Jehovah’s Witnesses believe that God uses an organization both in heaven and on earth, and that Jehovah’s Witnesses, under the direction of their Governing Body, are the only visible channel by which God communicates with humanity. The organization is said to be theocratic, “ruled from the divine Top down, and not from the rank and file up”. Witnesses teach that people must choose between God’s organization and Satan’s. Watch Tower publications teach that the Bible is an “organizational book” that does not belong to individuals and that the Bible cannot be properly understood without guidance by “Jehovah’s visible organization”.
Witnesses undergoing baptism are required to publicly confirm that they are associating themselves “with God’s spirit-directed organization”, thereby submitting themselves to its direction and judicial system. Watch Tower Society publications urge Witnesses to demonstrate loyalty to the organization without dissent, even at the cost of family ties. Loyalty to the organization is said to require full involvement in public preaching and regular meeting attendance.
Disagreement with the Watch Tower Society’s concept of God’s organization figured prominently in events that led to a 1980 purge of high-level members at the group’s Brooklyn headquarters. A summary by a Governing Body committee of “wrong teachings” being promoted as “new understandings” included the suggestion that God did not have an organization on earth. Former Governing Body member Raymond Franz, who was expelled as part of the purge, subsequently criticized the Watch Tower concept of organization, claiming the concept—which posits that God does not deal with individuals apart from an organization—has no scriptural support and serves only to reinforce the group’s authority structure, with its strong emphasis on human authority. He also claimed that The Watchtower has repeatedly blurred discussions of both Jesus Christ’s loyalty to God and the apostles’ loyalty to Christ to promote the view that Witnesses should be loyal to the Watch Tower Society. Sociologist Andrew Holden has observed that Witnesses see no distinction between loyalty to Jehovah and to the movement itself, and other researchers have claimed that challenging the views of those higher up the hierarchical ladder is regarded as tantamount to challenging God himself.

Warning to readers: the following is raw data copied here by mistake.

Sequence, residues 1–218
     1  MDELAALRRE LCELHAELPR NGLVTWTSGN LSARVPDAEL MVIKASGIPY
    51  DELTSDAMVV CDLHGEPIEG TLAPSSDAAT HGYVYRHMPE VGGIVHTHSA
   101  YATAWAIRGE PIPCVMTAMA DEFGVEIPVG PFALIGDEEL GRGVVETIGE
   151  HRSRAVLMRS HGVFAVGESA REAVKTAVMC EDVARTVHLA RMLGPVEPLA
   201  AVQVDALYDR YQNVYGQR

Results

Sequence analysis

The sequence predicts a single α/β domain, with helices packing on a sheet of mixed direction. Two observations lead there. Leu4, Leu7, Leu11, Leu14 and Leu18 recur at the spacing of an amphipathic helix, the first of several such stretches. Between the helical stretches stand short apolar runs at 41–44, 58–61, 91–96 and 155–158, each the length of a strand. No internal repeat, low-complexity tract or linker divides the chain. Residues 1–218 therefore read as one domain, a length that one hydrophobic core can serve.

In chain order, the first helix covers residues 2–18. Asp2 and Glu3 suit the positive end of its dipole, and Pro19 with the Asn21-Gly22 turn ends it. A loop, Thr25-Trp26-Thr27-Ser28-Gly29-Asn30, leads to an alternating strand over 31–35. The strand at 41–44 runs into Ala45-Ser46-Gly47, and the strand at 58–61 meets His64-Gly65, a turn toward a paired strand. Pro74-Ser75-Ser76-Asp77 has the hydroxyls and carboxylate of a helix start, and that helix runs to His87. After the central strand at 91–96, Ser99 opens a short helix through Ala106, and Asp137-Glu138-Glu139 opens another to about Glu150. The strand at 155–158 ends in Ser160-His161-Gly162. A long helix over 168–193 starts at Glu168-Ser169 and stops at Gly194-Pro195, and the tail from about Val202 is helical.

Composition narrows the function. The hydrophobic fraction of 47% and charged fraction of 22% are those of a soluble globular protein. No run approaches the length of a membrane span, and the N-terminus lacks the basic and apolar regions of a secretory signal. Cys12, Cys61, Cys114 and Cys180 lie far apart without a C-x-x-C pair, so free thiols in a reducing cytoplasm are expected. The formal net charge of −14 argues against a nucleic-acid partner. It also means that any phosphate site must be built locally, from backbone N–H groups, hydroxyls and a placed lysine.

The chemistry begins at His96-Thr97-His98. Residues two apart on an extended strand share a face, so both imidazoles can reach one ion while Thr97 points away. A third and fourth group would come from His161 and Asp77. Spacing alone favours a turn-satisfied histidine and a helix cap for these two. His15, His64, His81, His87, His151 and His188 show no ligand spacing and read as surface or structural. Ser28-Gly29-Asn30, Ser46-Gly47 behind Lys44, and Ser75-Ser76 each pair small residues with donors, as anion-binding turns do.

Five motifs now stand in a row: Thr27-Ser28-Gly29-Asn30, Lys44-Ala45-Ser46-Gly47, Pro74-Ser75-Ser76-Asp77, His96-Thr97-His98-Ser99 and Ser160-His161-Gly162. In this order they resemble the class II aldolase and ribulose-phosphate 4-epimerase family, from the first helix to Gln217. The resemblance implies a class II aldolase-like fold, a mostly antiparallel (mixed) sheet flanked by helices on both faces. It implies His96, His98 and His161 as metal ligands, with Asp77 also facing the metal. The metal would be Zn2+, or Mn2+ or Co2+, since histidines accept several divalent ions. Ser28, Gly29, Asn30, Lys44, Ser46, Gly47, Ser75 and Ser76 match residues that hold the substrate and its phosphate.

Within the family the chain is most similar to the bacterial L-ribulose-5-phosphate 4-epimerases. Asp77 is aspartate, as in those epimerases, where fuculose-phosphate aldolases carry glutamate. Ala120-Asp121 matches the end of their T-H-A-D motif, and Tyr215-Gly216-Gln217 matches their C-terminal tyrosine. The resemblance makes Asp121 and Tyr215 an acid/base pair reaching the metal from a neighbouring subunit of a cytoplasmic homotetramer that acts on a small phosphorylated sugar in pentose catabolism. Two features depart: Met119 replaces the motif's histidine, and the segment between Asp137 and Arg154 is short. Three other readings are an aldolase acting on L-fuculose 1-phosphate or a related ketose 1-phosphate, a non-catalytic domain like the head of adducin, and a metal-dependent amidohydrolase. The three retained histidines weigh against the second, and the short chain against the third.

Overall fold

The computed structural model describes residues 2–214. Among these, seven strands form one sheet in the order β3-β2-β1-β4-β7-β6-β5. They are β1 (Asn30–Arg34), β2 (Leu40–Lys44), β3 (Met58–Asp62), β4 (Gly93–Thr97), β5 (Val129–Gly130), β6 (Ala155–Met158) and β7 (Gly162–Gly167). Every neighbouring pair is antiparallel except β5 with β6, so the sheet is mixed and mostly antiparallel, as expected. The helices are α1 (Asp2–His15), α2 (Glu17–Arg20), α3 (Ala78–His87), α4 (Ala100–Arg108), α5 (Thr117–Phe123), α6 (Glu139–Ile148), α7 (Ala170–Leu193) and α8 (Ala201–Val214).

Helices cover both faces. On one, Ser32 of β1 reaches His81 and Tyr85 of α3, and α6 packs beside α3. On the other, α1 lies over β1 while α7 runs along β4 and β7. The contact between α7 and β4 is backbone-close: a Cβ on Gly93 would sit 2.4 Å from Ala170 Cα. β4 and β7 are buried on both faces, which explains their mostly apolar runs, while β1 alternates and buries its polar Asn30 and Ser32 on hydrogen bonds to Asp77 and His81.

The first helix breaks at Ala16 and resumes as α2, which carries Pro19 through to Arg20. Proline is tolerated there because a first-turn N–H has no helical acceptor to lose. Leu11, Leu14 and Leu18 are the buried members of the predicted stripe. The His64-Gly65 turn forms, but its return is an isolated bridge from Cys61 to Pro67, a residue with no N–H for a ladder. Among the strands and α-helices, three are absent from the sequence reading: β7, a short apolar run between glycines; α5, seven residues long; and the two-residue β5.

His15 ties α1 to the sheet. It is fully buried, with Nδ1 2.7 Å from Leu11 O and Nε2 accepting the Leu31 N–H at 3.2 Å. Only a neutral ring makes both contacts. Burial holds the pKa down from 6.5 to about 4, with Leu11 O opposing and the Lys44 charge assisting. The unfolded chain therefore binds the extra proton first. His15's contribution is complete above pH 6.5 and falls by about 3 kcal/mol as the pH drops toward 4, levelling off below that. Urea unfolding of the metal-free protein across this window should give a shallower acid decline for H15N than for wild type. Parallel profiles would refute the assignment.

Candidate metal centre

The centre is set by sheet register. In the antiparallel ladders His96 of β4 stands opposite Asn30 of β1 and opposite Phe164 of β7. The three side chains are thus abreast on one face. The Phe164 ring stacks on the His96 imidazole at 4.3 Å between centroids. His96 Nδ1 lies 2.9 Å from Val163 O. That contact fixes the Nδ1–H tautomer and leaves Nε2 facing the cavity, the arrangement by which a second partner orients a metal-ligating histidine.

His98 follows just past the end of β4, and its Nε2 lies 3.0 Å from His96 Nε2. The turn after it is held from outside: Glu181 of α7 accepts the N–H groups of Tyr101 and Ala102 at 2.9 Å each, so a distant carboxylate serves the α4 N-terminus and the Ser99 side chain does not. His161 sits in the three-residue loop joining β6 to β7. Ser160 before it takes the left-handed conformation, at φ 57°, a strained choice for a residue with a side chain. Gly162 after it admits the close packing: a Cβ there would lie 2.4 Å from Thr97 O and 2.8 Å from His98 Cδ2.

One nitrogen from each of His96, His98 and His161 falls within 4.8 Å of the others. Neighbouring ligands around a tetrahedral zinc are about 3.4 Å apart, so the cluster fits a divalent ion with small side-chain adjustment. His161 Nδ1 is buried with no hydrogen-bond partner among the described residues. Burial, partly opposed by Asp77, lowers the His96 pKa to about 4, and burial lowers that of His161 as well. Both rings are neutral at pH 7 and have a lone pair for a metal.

Witnesses believe that after the death of the apostles, the Church embarked on a “Great Apostasy”, diverging from the original teachings of Jesus on several major points. Influenced by Restorationism in the 19th century, Charles Taze Russell and his associates formed a Bible study group in the 1870s in Allegheny, Pennsylvania, developing teachings that they considered to be a revival of “the great truths taught by Jesus and the Apostles”. Watch Tower publications claim both the Great Apostasy and Russell’s subsequent “restoration” of original Christianity were a fulfilment of Jesus’ parable of the wheat and the weeds at Matthew 13:24-30,36-43. Although many of their eschatological teachings have changed over the years, Jehovah’s Witnesses have consistently claimed to be the only true religion. Based on their interpretation of Revelation 18:2-24, Jehovah’s Witnesses believe all other religions are part of “Babylon the Great”, a “world empire of false religion” under the control of Satan; consequently, they refuse all ecumenical relations with other religious denominations.
The entire Protestant canon of scripture is seen as the inspired, inerrant word of God. Jehovah’s Witnesses consider the Bible to be scientifically and historically accurate and reliable and interpret much of it literally, while also accepting it contains much symbolism. Jehovah’s Witnesses base all of their beliefs on the Bible, as interpreted by the Governing Body.